Mozambique: Kidnap Gang Targets Wrong Victim

Maputo — Two men, so far unidentified, on Thursday kidnapped a 28 year old woman by mistake, because they confused her with the daughter of a trader living in the T3 neighbourhood of the southern Mozambican city of Matola.

According to a report in Saturday's issue of the Maputo daily “Noticias”, the two men gained entry to the house by pretending to be workers of the electricity company, EDM. They claimed they were looking into cases of illegal connections through which electricity is stolen.

Once inside the house they grabbed the woman and rendered her unconscious with what the paper describes as “a chemical product”. Presumably this would have been chloroform or a similar substance.

They then bundled the woman into their car and drove northwards towards the district of Manhica.

The other people in the house at the time were mostly children, playing in the back, and had no idea of the drama taking place at the front of the house.

The intended victim was a woman named Olivia, the daughter of a “mukherista” - an informal trader who makes her living by purchasing goods in South Africa (in this case crockery) and then reselling them in Mozambique.

When the woman regained her senses, the kidnappers realized that she was not Olivia.

They beat her, and then threatened to kill her and dump the body. They must have thought better of this threat since they eventually drove further north, and released her in the city of Xai-Xai.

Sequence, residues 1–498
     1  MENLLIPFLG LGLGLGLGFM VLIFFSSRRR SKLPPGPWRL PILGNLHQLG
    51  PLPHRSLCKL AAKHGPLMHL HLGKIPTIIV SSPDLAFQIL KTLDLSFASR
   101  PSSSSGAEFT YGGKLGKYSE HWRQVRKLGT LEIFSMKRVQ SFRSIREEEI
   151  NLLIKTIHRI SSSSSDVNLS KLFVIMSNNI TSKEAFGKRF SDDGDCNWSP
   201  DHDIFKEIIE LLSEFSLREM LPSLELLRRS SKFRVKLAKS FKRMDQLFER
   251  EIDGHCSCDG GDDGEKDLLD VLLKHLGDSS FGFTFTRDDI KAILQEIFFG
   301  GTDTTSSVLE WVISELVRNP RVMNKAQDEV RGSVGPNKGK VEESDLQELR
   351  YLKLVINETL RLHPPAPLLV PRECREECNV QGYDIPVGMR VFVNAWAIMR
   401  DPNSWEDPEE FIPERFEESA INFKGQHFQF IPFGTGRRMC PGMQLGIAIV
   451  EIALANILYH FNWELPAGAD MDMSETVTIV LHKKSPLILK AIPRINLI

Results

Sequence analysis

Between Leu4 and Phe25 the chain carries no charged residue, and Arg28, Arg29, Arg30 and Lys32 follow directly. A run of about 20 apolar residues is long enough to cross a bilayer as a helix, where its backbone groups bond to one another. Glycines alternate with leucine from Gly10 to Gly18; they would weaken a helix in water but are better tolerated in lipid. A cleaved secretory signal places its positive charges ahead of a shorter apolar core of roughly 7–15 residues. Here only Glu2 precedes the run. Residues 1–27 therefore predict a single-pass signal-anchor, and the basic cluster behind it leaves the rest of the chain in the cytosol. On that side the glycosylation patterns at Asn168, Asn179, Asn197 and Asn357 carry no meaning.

From there she managed to telephone the family in T3, who in turn contacted the police.

Nonetheless, when “Noticias”, later on Friday afternoon, contacted the Maputo Provincial Police Command, the information officer there, Emilio Mabunda, said he knew nothing about the case.

When the wave of kidnappings in Maputo cities began, in late 2011, the targets were wealthy business people, usually of Asian origin. As time passed, other criminals seem to have taken up kidnapping as an apparently easy way to make money, and the range of targets has spread out down the economic ladder to include informal traders who, while better off than most Mozambicans, are certainly not fabulously wealthy.

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